I'd put a range estimate at around 250km. There is all of the getting in/out, bags, queuing and other non-drive time that lowers the average speed throughout a shift. Also, getting 18 hours of bookings/day would be pretty awesome for any taxi.

      7. MachDiamond Silver badge

        Re: Self Driving RoboTaxis is what Tesla want ASAP

        Pointing out that taxi's are not premium equipped vehicles is important. It's also better if they have an expanded passenger compartment to accommodate hand luggage, briefcases and backpacks. The sorts of things that people using public transportation often have yet aren't large enough to bother with putting them in the boot. Taxi interiors get a lot of abuse so it's best if they are made of materials that hold up to being hosed off for those occasions where the passenger isn't feeling their best (or their pets are having digestive issues).

        The current EV London Black Cabs are a good foundation for an autonomous taxi is they have the space for a large computer. Google's dirty little secret is their AVs have a hyper-accurate surveyed map onboard. That's fine for a large city centre, but certainly not level 5 and it does take room. Not a problem for inner city runs. For a trip to the airport with big luggage, an AV may not have the room for people plus stuff.

        A Tesla isn't a good candidate for use as a taxi. They are premium vehicles. For a private car service that caters to upscale clients, they can work fine, but not good for riders that like to carve their initials or pithy prose into every available hard surface. I certainly wouldn't want to find a bunch of stickers plastered in the back seat area of my car. The same goes for handbill holders with cards for clubs, etc that get glued in from promotors during a short ride. That 3M VHB double sided tape is nearly impossible to remove cleanly.

    2. JM987

      I like the idea

      With all the talk of self driving taxi's, has anyone thought of who will be recharging all of these vehicles? Sure, you decide to go in the office with a fully charged battery, let the car be used as a Taxi while you're working for 8 hours, get back, your car is parked somewhere near by with an almost empty battery... Wonder how long the line ups will be at the quick charge station.....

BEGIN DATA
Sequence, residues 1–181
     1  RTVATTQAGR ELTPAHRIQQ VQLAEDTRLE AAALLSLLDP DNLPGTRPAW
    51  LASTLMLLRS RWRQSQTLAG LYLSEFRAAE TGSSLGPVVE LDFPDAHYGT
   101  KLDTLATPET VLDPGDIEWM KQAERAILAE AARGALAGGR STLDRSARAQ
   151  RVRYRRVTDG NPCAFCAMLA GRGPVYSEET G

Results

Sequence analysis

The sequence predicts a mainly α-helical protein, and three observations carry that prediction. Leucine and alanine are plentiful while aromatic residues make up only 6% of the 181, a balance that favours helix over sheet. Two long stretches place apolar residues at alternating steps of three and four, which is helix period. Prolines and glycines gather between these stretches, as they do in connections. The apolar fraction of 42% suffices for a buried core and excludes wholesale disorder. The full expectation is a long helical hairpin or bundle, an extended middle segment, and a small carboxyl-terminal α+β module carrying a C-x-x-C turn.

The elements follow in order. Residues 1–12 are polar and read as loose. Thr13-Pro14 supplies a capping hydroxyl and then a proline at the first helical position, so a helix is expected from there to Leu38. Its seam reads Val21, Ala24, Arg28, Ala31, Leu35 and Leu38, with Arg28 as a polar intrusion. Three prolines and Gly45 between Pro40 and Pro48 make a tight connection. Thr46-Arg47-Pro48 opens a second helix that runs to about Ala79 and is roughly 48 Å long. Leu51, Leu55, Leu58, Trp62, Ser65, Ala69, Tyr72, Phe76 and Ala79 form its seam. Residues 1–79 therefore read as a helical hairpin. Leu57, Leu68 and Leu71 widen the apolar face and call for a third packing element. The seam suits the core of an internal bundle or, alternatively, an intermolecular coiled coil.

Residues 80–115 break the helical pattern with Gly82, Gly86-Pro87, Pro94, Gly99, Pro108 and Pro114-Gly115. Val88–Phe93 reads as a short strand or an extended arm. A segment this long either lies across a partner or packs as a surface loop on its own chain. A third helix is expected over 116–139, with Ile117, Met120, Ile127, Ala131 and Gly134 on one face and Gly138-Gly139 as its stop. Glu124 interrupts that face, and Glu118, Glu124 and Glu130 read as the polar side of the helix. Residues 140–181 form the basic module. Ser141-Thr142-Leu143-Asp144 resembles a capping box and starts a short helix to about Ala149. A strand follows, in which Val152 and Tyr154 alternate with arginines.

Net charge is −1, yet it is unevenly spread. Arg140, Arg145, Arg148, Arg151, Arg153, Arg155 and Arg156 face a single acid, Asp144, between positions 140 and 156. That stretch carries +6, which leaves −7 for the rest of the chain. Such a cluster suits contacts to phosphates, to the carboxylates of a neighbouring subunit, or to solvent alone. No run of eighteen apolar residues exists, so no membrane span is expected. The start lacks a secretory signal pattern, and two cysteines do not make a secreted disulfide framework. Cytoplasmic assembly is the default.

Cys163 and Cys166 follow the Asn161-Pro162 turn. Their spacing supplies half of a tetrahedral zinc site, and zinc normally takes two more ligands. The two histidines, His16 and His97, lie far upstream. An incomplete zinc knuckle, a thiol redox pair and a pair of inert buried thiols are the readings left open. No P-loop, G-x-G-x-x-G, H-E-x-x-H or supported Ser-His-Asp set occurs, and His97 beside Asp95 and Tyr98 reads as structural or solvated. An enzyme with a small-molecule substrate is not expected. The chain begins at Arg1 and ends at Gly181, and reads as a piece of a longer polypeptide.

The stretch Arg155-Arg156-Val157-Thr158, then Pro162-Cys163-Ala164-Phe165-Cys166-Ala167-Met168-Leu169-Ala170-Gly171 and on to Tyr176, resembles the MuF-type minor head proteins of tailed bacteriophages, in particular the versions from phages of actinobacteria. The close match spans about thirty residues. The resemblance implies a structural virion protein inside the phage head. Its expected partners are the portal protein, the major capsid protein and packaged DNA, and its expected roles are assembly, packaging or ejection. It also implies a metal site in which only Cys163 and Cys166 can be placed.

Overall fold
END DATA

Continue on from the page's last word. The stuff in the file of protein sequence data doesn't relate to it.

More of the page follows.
1. 404 Silver badge

        Re: I like the idea

        I was considering what you would do if you have to leave unexpectedly - like to go get your kid from school when they get sick etc - and your car is gone.

        Don't like the idea - getting your car back all vomited in or worse...

        1. doublelayer Silver badge

          Re: I like the idea

          Personal self-driving cars don't have to be part of a taxi net. It'd be an optional choice you could do to make money. For those who don't need the money and value immediate access to the vehicle, it wouldn't be a very good use case. It'd be sort of the same as allowing people to rent out your normal car if there was a convenient way to let them in, which doesn't sound like a popular program idea to me.

          If this were attempted, there would likely be a requirement for dedicated vehicles for that service. In that case, I assume there would be charging stations located throughout the service area. When a car was low on power it would remove itself from the network, drive to charge, and only put itself back online when it had charged. Whenever there were gaps in traffic where more cars were available than in demand, the cars with the lowest charge would drive themselves to the charging stations as well.